This episode is not the sole instance of Buffy's regret for the popular world she left when she became the slayer: periodically, she reveals that she is just as conscious of social distinctions between herself and the people beneath her, as in this incident when Joyce suggests that Buffy work for the yearbook:

Joyce: I was, uh, photo editor. I got to be on every page, made me look much more popular than I was.

Buffy: And have you seen the kids that do yearbook? Nerds pick on them. (The Witch)

Buffy also attempts to reclaim her popularity in Homecoming and reminisces with Cordelia about when she was popular in LA. But even Cordelia must live and die by the rules she helps to enforce. She moves downward - by dating Xander (and, later, by her fall from affluence) she forever loses her treasured place at the top of SHS society.

Theoretically, upward movement is possible. Had Amy or Buffy become cheerleaders, they would have joined the elite. When SHS swim team begins to win meets, the swimmers enjoy a sudden increase in popularity:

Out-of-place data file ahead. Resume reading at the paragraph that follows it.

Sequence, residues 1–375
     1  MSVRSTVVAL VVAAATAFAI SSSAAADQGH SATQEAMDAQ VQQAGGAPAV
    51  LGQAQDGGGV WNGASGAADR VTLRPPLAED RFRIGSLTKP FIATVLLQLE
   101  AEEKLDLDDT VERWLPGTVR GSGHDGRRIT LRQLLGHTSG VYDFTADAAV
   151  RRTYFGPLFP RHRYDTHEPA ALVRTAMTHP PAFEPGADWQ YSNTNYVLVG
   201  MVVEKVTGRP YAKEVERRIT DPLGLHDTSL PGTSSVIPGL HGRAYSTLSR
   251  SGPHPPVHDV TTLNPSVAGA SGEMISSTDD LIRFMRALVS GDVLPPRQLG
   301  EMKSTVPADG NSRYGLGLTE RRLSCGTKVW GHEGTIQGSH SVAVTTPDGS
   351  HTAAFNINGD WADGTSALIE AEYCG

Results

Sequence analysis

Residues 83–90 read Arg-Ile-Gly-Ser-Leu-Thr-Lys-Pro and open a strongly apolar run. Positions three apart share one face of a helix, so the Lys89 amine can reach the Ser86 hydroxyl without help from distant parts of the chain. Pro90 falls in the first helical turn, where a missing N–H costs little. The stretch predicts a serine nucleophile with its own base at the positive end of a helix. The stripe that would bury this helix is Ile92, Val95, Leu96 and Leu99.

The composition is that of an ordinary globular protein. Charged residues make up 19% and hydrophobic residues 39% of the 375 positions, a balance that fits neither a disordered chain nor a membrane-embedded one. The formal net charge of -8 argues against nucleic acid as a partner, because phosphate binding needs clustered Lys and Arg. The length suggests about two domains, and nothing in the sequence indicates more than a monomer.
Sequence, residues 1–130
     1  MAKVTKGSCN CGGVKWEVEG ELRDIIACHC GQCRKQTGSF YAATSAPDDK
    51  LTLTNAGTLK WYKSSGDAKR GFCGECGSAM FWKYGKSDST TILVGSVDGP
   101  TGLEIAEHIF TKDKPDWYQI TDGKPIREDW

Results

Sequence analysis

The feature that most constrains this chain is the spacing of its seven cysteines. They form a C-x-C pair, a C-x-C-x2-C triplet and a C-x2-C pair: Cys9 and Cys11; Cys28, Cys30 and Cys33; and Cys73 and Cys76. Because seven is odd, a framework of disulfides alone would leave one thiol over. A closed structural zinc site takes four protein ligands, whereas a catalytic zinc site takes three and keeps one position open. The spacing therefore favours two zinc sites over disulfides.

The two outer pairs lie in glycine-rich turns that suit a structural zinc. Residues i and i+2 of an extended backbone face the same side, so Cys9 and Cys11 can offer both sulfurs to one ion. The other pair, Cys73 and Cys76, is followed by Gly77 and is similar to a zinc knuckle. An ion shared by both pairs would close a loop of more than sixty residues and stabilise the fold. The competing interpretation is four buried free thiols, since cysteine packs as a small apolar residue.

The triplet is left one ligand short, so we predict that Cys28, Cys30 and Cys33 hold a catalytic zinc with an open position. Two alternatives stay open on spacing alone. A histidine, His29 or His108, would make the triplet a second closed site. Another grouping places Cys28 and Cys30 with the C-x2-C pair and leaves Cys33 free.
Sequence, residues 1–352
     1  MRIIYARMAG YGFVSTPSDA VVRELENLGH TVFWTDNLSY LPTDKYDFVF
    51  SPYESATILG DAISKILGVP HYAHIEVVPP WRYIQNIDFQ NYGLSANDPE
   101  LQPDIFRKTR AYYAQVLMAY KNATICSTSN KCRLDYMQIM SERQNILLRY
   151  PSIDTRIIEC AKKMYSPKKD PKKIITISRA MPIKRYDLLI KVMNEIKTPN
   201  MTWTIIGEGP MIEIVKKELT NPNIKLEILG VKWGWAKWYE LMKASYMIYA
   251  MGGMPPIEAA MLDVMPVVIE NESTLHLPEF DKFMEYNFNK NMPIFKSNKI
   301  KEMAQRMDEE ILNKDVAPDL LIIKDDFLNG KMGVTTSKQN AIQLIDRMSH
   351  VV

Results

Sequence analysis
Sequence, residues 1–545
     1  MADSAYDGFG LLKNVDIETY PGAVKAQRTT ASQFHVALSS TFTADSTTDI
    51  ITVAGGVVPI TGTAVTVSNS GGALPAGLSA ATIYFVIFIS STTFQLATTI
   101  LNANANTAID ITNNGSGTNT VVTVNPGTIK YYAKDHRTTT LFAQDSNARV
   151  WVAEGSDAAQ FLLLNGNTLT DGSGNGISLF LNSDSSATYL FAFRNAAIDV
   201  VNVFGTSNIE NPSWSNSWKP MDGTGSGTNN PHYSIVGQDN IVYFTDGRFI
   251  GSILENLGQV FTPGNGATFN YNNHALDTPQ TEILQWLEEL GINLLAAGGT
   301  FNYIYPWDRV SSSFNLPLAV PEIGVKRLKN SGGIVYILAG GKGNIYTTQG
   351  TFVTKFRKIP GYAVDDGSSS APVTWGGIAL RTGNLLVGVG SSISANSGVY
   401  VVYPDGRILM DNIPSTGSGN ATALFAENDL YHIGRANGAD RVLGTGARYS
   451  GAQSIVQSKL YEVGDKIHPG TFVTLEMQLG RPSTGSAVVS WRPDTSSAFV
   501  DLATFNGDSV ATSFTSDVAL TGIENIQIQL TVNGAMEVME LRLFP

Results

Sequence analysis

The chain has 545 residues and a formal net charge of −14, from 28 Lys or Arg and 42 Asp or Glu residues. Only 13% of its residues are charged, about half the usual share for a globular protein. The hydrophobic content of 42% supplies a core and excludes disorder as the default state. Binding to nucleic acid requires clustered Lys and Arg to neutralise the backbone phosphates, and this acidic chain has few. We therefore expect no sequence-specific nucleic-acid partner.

Xander: I mean, look at that. (indicates them) Dodd McAlvy. Last month he's the freak with Jicama breath who waxes his back. He wins a few meets and suddenly inherits the cool gene?

Similarly, when Xander joins the winning swim team, he becomes more desirable in Cordelia's eyes. Social climbing is not without its risks, however, as Jonathan discovers when he fails to qualify for the swim team in "Go Fish" because he's asthmatic. At a beach-front party Jonathan is punished for his presumption with a little poetic justice from his would-be teammates:

Jonathan: Somebody help me!

Buffy and Cameron both turn to look. Cut into the drink tub looking up through the ice floating on the surface. Jonathan's face gets pushed into the water and shaken around. Cut to Dodd harassing him. He pulls Jonathan's head back out of the tub and holds him back by the hair.

Dodd: Come on, Jonny, you gotta hold your breath longer than that if you ever wanna make the team! Hey, somebody time him! (Go Fish)